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Geophenomena

New addition to the Aleutian family
Yellowstone geysers heat up
First dead zone forecast

New addition to the Aleutian family

While searching for deep-sea corals on the ocean floor near the Aleutian Islands, researchers instead found Alaska’s first known active underwater volcano.

A biological expedition run by NOAA’s National Marine Fisheries Service first sighted the infant cone in June 2002. Not until June of this year did a team led by Jennifer Reynolds, a marine geologist at University of Alaska Fairbanks, map the structure in detail using multi-beam sonar.

Multibeam sonar data provide a map of the Alaskan seafloor and a new-found submarine volcano (upper left), surrounded by a field of lava flows. Image courtesy Jennifer Reynolds.


They discovered a peak 580 meters (1,903 feet) tall with a 4-kilometer-wide base (one-third to one-half the height of nearby on-land volcanoes), as well as a volcanic lava field extending over 14 kilometers. As part of an island arc formed by a subduction zone, this young volcano is probably prone to explosive eruptive events — which means it poses a potential threat to passing vessels because of its proximity to the ocean’s surface, only 115 meters (377 feet) below sea level.

The Alaska Volcano Observatory already has plans to put a seismic monitor on a nearby island by 2005. Reynolds will join an expedition next summer to look more carefully at the newfound volcano. “We really know just a little bit about this volcano,” Reynolds says. Though it apparently was active within the past millennium, she says, “we don’t know whether that means 50 years ago or 800 years ago.”

Naomi Lubick

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Yellowstone geysers heat up

Since July 23, some trails within the Norris Geyser Basin in northern Yellowstone National Park have been closed to visitors due to high ground temperatures and increased thermal activity that could affect visitor and employee safety. To identify the sources and explain the increased activity, and to gauge any risks of seismic activity or hydrothermal explosions, geologists are fitting the Back Basin at Norris with a series of new instruments, making it the most heavily monitored geyser basin in the world.

The increased thermal activity includes the formation of new mud pots, greater turbidity of thermal pools, increased steam discharge, and changes in geyser eruption intervals and output. Ground temperatures can reach up to 100 degrees Fahrenheit above normal, and vegetation dies from the high temperatures.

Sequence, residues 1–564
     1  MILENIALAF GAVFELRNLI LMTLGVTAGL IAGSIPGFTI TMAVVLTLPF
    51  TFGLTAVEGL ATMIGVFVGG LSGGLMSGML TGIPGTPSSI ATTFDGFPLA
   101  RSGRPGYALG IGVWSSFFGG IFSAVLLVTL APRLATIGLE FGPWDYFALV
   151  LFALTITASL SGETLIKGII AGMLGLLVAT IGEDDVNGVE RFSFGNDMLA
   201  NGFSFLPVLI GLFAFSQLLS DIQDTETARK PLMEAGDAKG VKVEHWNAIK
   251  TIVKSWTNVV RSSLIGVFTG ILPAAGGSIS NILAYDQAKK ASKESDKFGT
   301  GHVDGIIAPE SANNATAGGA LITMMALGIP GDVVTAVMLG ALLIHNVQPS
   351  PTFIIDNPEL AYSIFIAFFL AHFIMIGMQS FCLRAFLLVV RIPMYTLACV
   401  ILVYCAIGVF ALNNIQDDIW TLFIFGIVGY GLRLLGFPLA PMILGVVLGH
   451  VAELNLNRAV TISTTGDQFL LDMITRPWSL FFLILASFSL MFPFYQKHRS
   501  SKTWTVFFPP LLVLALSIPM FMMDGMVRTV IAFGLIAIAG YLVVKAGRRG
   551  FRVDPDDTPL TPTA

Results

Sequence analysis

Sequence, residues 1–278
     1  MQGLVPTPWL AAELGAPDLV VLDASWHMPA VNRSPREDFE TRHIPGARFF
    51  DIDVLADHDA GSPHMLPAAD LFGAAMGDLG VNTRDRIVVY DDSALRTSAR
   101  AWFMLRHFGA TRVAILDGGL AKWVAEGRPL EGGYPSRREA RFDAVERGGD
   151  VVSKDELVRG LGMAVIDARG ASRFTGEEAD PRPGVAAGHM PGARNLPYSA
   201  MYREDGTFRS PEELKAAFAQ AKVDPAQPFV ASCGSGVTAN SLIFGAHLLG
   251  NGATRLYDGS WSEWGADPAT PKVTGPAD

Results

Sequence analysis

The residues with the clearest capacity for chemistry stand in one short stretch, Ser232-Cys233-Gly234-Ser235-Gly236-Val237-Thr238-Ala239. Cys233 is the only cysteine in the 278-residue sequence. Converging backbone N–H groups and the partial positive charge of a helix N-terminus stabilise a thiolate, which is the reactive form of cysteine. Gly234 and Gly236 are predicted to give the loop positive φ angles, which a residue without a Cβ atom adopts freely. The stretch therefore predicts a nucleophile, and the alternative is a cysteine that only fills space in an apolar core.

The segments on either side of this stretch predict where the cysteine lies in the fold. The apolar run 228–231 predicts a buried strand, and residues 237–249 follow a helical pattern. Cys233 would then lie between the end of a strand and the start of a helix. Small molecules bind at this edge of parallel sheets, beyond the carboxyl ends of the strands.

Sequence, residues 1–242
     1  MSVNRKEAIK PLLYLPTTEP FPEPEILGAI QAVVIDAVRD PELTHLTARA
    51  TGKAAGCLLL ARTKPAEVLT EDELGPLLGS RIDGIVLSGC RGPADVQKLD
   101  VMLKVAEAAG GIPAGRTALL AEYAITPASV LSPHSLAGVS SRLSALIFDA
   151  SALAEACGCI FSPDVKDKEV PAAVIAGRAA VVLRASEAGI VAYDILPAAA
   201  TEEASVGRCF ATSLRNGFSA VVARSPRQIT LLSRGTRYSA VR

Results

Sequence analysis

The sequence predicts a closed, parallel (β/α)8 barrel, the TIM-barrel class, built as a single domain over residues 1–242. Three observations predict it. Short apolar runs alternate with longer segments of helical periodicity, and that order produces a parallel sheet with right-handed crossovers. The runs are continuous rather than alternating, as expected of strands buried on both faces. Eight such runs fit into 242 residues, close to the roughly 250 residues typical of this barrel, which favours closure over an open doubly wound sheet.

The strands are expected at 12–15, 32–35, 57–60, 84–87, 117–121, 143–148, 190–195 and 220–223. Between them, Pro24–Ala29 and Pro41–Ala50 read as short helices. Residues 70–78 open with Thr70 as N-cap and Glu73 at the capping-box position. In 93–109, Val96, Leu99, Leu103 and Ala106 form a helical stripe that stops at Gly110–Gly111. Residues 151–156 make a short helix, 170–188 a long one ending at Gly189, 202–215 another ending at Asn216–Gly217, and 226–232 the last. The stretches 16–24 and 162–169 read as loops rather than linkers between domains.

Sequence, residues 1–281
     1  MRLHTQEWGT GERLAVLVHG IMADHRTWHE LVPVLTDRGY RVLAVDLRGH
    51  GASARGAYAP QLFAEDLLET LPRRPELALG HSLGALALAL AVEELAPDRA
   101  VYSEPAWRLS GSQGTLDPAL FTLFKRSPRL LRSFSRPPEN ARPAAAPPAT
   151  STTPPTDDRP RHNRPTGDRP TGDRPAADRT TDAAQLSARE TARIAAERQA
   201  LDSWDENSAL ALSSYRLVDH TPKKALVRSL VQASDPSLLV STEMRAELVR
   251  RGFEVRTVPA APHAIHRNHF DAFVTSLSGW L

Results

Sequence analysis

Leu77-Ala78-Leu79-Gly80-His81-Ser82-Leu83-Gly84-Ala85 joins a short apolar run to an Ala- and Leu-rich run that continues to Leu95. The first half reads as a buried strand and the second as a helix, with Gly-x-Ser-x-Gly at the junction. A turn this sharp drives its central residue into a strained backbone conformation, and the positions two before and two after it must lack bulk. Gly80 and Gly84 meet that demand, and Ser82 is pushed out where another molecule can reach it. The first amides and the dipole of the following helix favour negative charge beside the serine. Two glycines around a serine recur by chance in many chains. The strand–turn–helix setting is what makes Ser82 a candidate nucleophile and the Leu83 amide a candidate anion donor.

Geysers and thermal waters in Yellowstone National Park, where geologists have fitted the Back Basin at Norris Geyser with instruments to observe increased thermal activity. Photo by Bruce Molnia, Terra Photographics.

In August, scientists with the Yellowstone Volcano Observatory (YVO) responded to these dramatic changes by equipping the basin with a network of seismographs, GPS receivers and thermometers. YVO is an instrument-based monitoring facility run by the U.S. Geological Survey (USGS), the University of Utah and the National Park Service.

“Never before has a geyser basin been observed in this way,” says Jacob Lowenstern, the USGS lead scientist at Yellowstone Volcano Observatory. “We want to look at the geophysical and thermal data and to understand the day-to-day activities in the geyser basin.”

The GPS sensors will detect any small movements or ground deformation. Seven new broadband seismometers will detect long-period seismic activity, such as vibrations due to water or gas movement through underground cracks or deeper volcanic sources. Thermometers will continuously document pulses of water out of individual pools, which may be tied to signals measured by the GPS receivers and seismometers. The Integrated Research Institutes in Seismology and the University NAVSTAR Consortium are also helping to provide equipment and technical support.

In addition to observing the daily activity of geyser basins, scientists are also hoping to detect any precursory activity should a hydrothermal explosion occur. Hydrothermal explosions are fairly common in the park, occurring roughly once per year; however, they tend to be small and usually go unwitnessed. Therefore, geologists know little about predicting them. “If anything does occur in this case, it will be a great opportunity to learn about what precedes the explosions,” Lowenstern says.

Yellowstone is a dynamic environment. Each summer, there is a noticeable increase in the steam discharge and a change in color of many geysers and thermal pools in the Norris Geyser Basin that is apparently related to the increased emission of deep, hot waters. But this year, that annual disturbance is larger than normal. Lowenstern says, “there is lots of new activity, and steam is finding its way to the surface in places it never has.”

Still, scientists at the observatory caution that the increased activity doesn’t necessarily indicate a greater probability of an impending hydrothermal explosion. The last large hydrothermal explosion at Norris was the Porkchop Geyser explosion in 1989, which tossed meter-sized boulders into the air. Porkchop remained silent until this past July, when it began erupting water again.